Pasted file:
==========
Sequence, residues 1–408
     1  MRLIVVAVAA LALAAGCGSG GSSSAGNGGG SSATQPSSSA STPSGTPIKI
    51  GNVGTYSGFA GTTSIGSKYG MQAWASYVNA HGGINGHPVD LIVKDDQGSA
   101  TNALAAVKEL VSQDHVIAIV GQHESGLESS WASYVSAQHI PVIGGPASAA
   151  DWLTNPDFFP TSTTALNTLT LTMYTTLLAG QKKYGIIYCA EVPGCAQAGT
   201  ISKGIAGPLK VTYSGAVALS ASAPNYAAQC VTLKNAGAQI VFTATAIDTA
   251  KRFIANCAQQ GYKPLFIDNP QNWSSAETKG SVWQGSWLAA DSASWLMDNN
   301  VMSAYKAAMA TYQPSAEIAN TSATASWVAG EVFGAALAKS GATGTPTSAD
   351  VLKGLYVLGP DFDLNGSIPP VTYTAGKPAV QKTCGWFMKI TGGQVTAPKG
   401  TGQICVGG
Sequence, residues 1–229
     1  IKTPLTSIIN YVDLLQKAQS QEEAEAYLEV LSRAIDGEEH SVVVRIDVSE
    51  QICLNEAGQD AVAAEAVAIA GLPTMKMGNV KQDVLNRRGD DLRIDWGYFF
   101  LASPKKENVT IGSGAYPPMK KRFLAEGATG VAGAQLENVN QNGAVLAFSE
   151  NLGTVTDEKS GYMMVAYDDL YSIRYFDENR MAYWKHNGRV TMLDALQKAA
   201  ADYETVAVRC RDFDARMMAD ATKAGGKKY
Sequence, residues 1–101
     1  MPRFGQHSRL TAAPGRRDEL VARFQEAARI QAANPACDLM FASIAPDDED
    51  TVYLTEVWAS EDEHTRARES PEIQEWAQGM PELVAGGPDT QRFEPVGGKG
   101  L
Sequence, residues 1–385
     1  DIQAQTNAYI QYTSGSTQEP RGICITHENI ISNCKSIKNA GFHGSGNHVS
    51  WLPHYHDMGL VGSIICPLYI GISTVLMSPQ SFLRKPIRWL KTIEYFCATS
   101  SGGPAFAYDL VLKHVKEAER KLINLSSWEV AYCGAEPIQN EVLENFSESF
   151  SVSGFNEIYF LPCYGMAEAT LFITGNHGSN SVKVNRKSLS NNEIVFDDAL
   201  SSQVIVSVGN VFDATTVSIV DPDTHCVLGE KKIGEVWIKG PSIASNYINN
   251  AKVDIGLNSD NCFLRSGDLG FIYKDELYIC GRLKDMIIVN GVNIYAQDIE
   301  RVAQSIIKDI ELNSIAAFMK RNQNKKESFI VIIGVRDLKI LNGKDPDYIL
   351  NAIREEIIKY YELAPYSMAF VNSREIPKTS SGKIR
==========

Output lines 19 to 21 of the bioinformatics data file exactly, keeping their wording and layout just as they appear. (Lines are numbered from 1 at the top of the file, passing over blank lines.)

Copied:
    51  TVYLTEVWAS EDEHTRARES PEIQEWAQGM PELVAGGPDT QRFEPVGGKG
   101  L
Sequence, residues 1–385